My first week exploring the housing conditions in Quito has been incredibly exciting and informative. I am here for eight weeks learning as much as I can about Quito’s construction practices and analyzing these practices in regards to their earthquake resiliency. Quito is the capital city of Ecuador and has an estimated population of 2.5 million, although the actual number is quite certainly much higher. Quito lies in a valley in the Andes Mountain Range. There are many wealthy areas in the city itself, and the majority of poor people live on the mountainsides. The city runs north and south and is very long and narrow. As the pictures below illustrate, overpopulation is a major concern in Quito. As building space has become more and more limited, people have gone further up into the mountains to build their homes. Many of these homes are built without land ownership or construction expertise, and are very susceptible to landslides due to improper foundations.

During my time here I am staying at El Centro del Muchacho Trabajador, an organization in Quito that works with poor families, providing three meals a day, health and dental care, and education that includes technical training. You can learn more about the center at workingboyscenter.org. The Working Boys Center works with over 400 Ecuadorian families, which has proven to be an indispensable contact for me. I was able to spend this week visiting families of the center at their homes, something I plan to do much more of during my stay. From these home visits I learned that almost every building in Quito, whether residential, commercial, or industrial, is made of concrete and cinder block, which is simply referred to here as block. What was interesting to learn is that the use of concrete and block is not due to financial constraints, as I had assumed…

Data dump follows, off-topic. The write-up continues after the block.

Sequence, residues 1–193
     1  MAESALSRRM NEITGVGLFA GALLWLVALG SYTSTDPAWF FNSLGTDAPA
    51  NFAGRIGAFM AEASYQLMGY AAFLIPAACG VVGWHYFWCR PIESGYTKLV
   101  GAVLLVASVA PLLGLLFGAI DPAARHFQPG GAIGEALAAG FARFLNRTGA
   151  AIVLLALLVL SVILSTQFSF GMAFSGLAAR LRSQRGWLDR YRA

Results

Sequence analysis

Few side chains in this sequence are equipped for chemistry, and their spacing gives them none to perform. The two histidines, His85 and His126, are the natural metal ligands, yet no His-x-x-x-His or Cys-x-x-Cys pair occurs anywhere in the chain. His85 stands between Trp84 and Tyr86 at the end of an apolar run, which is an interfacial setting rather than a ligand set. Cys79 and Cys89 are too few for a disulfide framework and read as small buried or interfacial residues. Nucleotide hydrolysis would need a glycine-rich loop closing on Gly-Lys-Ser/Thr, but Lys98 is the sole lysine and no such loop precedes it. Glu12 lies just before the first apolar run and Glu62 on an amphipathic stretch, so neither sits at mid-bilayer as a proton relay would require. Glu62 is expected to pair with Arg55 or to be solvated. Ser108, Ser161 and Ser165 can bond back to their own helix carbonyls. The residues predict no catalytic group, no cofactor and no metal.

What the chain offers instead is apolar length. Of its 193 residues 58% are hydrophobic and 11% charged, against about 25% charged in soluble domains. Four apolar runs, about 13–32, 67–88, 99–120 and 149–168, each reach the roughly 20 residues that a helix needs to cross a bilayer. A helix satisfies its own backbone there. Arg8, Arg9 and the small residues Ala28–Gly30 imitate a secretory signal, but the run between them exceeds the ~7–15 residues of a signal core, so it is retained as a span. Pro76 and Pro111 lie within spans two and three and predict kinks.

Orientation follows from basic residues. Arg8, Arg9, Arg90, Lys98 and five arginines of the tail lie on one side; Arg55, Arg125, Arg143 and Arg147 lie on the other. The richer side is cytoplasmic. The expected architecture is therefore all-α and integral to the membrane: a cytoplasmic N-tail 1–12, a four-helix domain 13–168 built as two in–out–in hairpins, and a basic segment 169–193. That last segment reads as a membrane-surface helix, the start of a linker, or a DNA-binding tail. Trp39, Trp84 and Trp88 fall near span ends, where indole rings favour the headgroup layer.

(More details will be available in Kevin’s final report to be posted in September 2013.)

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